|Title||When good intentions are not enough ... Insights on networks of "paper park" marine protected areas|
|Publication Type||Journal Article|
|Year of Publication||2013|
|Authors||Rife AN, Erisman B, Sanchez A, Aburto-Oropeza O|
|Type of Article||Article|
|Keywords||conservation; costs; ecosystems; enforcement; environmental; environmental policy; Fisheries; Fisheries management; food webs; Gulf of California; gulf-of-california; management; marine protected areas; mexico; region; reserves; threats|
In efforts to protect the world's oceans, the Convention on Biological Diversity has moved the goal of establishing marine protected areas (MPAs) to cover 10% of the ocean from 2012 to 2020. This adjustment suggests that the rush to establish MPAs without proper resources does not resolve conservation problems. In fact, such actions may create a false sense of protection that camouflages degradation of marine ecosystems on regional scales. To exemplify this phenomenon, we reviewed MPA efficacy in the Gulf of California, Mexico, where some 23,300 km2 have been decreed as MPAs. With the exception of Cabo Pulmo National Park, MPAs have not met conservation or sustainability goals. We examined MPA budgets and foundations' investment in the region and found that funding for management is not the limiting factor in MPA efficacy, although funding for enforcement may be deficient. We conclude that MPAs have failed because of insufficient no-take zones, lack of enforcement, poor governance, and minimal community involvement. We need a new philosophy to implement MPAs to take advantage of the scientific knowledge and monetary investment that have been generated worldwide and ensure that they complement effective fisheries management outside their borders.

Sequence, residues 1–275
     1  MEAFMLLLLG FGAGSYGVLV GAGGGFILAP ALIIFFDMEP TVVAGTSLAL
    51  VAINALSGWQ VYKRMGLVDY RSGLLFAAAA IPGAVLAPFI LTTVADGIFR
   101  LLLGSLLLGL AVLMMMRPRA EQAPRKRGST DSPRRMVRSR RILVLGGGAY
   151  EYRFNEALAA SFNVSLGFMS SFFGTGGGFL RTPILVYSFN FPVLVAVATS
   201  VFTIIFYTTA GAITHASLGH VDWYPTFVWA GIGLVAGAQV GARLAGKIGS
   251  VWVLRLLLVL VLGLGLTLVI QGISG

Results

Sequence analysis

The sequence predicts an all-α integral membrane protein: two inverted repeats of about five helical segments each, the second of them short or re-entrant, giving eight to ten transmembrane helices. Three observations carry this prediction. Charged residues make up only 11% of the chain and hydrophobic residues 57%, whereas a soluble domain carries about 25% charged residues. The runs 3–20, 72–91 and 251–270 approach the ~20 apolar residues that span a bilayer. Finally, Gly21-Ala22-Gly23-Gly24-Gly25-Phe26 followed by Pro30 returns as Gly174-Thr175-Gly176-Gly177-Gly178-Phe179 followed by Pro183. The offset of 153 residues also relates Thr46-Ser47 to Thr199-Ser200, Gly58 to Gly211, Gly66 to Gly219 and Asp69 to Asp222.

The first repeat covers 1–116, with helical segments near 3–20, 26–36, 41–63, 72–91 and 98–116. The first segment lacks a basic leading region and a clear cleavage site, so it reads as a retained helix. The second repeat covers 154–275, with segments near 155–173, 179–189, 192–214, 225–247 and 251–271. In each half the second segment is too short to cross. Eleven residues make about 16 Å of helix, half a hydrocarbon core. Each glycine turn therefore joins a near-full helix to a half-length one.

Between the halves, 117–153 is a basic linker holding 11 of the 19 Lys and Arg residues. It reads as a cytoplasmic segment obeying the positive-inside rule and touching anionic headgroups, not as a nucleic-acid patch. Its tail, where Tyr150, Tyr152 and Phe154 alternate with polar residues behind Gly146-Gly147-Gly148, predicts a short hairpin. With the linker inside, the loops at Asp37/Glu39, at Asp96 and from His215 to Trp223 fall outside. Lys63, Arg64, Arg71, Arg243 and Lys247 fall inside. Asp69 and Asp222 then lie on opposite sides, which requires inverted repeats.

|Short Title||Conserv. Lett.|